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Cayman Islands premier hits out at Britain
Published on May 5, 2012 Email To Friend    Print Version

Cayman Islands Premier McKeeva Bush has accused British officials, including the British-appointed governor and police commissioner, of conducting baseless investigations into his handling of government contracts.

Cayman Islands Premier McKeeva Bush
He described the investigations on local television as "nothing more than fishing expeditions," and accusing Britain of conspiring with opposition politicians to "ruin this country."

"The opposition, the governor, the foreign office are all trying to do one thing: 'Let's get McKeeva out this time, because we cannot control him,'" Bush said.

In a statement on Thursday, Governor Duncan Taylor responded, saying, "The suggestion that the Foreign and Commonwealth Office or I are working against the interests of the Cayman Islands is completely without foundation."

Some two weeks ago, a spokesman for the Royal Cayman Islands Police Service (RCIPS) confirmed that Bush is the subject of three separate police investigations.

According to police, one of the investigations involves allegations of financial irregularities in relation to a land deal. In addition, a further allegation of financial irregularities has been made, which is entirely separate from the first investigation.

“Finally, allegations have been made in relation to the involvement of the premier in the periphery of a recent incident where a quantity of explosives were imported to the Cayman Islands without the necessary permit,” the police spokesperson said.

“All three of these investigations are actively ongoing. The governor and the FCO [Foreign and Commonwealth Office] are being kept fully updated,” the spokesperson added, concluding that “It would be inappropriate for the RCIPS to make any further comment in relation to any of the allegations made, or the status of the investigations, at this time.”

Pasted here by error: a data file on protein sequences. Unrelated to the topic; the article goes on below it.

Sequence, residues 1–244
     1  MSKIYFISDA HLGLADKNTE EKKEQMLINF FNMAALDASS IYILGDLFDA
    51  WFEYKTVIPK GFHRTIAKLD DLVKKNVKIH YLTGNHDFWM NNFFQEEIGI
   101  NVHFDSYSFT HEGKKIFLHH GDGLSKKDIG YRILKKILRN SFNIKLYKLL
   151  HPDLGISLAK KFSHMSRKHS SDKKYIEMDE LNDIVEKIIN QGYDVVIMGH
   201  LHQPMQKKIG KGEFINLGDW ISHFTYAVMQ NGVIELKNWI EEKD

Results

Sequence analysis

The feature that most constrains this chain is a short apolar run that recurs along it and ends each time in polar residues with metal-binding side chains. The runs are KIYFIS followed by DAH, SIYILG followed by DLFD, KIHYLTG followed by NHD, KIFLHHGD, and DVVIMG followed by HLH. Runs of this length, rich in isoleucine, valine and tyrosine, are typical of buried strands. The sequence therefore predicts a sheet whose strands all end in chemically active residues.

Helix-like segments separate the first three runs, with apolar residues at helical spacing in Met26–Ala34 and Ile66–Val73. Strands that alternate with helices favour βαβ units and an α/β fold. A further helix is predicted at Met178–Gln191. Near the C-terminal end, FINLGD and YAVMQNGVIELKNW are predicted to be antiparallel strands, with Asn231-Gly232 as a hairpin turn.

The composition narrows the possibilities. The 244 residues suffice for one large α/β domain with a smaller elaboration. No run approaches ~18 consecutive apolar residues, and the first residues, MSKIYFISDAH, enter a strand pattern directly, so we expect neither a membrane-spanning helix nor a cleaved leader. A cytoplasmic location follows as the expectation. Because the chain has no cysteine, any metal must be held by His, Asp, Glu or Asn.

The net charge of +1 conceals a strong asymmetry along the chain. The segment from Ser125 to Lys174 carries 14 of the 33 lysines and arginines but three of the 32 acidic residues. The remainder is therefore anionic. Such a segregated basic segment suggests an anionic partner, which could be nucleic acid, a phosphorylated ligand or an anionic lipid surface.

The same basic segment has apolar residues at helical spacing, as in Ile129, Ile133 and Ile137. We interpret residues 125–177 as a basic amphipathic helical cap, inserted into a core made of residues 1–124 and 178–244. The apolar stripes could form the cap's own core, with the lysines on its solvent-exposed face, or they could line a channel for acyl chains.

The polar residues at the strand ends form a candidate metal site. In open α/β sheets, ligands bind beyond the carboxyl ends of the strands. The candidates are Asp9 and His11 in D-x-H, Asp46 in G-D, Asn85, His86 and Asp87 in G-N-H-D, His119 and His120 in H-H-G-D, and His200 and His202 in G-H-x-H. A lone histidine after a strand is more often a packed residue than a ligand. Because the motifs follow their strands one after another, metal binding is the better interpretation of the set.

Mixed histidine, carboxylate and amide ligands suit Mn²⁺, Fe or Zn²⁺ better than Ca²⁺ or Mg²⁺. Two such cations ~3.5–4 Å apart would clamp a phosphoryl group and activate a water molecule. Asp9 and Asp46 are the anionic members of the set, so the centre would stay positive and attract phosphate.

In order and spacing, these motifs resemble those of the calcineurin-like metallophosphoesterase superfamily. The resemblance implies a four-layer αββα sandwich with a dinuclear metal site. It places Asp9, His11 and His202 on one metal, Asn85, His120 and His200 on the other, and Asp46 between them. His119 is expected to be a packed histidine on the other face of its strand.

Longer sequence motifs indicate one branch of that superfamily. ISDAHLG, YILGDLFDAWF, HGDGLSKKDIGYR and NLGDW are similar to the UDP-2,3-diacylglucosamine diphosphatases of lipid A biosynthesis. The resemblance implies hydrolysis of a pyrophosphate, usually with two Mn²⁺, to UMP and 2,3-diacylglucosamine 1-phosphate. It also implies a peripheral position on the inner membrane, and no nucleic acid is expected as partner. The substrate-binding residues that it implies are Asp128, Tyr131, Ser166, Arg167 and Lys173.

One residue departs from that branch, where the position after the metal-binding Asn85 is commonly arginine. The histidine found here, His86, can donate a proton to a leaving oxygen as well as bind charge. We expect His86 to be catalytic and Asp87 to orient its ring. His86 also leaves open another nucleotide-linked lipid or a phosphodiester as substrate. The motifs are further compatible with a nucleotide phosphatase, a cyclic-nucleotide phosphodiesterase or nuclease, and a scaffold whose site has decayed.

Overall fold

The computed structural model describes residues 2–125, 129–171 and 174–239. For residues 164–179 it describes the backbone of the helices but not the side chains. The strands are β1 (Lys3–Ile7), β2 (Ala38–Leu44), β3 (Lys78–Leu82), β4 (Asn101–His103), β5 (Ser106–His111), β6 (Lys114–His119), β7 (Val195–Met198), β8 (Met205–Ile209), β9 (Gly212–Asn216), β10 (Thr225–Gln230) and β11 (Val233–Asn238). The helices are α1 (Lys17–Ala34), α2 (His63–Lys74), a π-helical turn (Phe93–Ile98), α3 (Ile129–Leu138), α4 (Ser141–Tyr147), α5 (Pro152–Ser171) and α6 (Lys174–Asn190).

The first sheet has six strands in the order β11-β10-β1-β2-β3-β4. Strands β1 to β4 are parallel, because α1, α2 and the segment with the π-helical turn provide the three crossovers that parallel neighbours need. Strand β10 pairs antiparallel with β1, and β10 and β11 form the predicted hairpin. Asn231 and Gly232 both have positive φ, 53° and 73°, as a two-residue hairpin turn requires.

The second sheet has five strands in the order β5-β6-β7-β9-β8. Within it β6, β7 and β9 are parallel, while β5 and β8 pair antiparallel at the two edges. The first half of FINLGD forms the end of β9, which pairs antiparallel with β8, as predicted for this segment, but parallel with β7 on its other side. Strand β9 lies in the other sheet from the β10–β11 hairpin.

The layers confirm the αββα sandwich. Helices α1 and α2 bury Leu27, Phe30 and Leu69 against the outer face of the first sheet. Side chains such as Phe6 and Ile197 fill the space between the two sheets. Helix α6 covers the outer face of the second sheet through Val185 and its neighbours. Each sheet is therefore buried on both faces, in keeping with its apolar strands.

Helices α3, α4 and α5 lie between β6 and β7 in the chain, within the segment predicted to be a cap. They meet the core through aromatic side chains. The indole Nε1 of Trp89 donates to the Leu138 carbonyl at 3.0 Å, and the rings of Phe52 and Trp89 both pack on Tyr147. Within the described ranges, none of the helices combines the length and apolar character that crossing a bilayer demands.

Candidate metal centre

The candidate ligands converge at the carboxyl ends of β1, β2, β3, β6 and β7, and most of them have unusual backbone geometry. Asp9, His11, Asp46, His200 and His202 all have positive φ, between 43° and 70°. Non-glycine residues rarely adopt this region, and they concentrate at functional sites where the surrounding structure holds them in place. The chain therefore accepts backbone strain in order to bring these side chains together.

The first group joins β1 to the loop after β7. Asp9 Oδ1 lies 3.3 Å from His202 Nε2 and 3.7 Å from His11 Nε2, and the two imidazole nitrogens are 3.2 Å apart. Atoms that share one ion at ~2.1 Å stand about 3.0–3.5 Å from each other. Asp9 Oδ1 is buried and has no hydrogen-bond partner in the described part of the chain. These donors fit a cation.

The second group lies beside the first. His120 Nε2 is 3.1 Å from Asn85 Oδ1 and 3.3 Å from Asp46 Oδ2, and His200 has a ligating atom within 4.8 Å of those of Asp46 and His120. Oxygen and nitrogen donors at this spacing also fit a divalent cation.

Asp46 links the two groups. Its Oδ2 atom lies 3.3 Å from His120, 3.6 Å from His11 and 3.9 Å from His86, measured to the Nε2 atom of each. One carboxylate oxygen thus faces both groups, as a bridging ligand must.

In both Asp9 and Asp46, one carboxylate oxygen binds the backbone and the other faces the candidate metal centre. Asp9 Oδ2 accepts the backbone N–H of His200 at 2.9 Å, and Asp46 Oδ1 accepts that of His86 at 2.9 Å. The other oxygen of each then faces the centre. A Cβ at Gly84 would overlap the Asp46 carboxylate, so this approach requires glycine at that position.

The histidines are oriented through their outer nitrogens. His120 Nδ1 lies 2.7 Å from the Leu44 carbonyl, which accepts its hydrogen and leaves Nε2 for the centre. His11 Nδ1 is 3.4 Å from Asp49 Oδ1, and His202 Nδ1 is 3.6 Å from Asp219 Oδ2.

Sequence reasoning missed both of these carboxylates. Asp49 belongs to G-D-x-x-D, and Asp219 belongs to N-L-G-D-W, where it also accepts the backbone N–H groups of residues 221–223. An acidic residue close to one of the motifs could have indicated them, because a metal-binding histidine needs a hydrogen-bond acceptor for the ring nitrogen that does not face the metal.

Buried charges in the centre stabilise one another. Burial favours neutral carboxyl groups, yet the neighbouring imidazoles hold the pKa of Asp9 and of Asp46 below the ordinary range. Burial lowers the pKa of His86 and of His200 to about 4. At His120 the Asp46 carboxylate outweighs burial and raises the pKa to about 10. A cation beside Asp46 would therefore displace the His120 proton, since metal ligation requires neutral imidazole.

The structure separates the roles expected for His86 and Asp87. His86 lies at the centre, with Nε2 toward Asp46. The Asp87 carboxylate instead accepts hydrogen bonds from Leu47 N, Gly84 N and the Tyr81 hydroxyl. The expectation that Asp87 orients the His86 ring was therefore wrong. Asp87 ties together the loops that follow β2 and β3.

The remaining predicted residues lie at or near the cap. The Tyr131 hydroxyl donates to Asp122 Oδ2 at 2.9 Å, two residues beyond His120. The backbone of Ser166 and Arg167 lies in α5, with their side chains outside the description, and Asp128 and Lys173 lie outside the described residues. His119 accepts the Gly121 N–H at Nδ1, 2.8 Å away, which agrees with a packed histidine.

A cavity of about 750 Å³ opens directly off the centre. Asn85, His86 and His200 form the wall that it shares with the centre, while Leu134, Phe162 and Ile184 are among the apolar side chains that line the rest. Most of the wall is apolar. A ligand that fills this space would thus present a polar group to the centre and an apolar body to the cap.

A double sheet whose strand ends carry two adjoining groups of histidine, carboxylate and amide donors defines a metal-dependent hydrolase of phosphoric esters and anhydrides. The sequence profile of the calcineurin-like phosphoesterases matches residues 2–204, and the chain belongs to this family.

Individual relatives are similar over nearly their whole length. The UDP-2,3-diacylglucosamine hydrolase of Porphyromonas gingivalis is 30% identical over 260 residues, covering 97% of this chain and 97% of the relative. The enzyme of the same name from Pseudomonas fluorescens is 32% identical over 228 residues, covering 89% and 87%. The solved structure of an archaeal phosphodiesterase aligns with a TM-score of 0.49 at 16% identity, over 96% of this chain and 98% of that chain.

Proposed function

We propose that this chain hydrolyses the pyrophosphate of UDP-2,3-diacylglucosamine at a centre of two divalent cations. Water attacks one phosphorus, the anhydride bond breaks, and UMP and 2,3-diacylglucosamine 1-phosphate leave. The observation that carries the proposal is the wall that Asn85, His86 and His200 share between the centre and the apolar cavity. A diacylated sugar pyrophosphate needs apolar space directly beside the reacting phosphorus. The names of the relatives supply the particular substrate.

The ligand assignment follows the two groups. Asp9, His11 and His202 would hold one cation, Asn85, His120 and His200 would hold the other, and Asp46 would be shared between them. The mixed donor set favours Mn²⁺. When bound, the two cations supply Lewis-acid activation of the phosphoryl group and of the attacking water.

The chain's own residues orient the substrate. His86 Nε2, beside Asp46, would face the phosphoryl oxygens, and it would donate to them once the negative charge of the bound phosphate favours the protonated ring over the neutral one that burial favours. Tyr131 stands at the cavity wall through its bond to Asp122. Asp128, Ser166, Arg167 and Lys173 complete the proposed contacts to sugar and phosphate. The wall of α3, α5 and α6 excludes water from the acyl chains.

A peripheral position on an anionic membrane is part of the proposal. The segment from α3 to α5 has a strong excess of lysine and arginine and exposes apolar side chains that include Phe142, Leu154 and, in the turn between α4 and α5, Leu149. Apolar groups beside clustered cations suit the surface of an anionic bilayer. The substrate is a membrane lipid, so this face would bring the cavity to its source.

The first of the three investigations was confirmed by Governor Duncan Taylor in July 2011, when he acknowledged that the investigation in question centred on a letter said to be written by Bush in 2004, when he was then Leader of Government Business.

The letter to developer Stan Thomas, written on Windsor Development Corporation letterhead, and apparently faxed from Bush’s ministry in October 2004, asked for a balance of $350,000 to be sent to the corporation’s account as a result of Bush having “ensured that all of the proposed re-zoning issues” had been approved by Cabinet.

Windsor Development Corporation is reportedly owned by Bush’s wife, although according to the official register of interests he is a signatory on the corporation’s bank account.

At the time, land purchased by Thomas was the subject of a zoning application. It was rezoned in July 2004 by the Legislative Assembly after Cabinet approved a change in the territory’s development map.

However, at a recent press briefing, attended by Britain’s Minister for the Overseas Territories Henry Bellingham, who was on his first visit to the Cayman Islands, local media workers were taken by surprise by Governor Taylor’s admission of a second such investigation in response to questions about the first enquiry.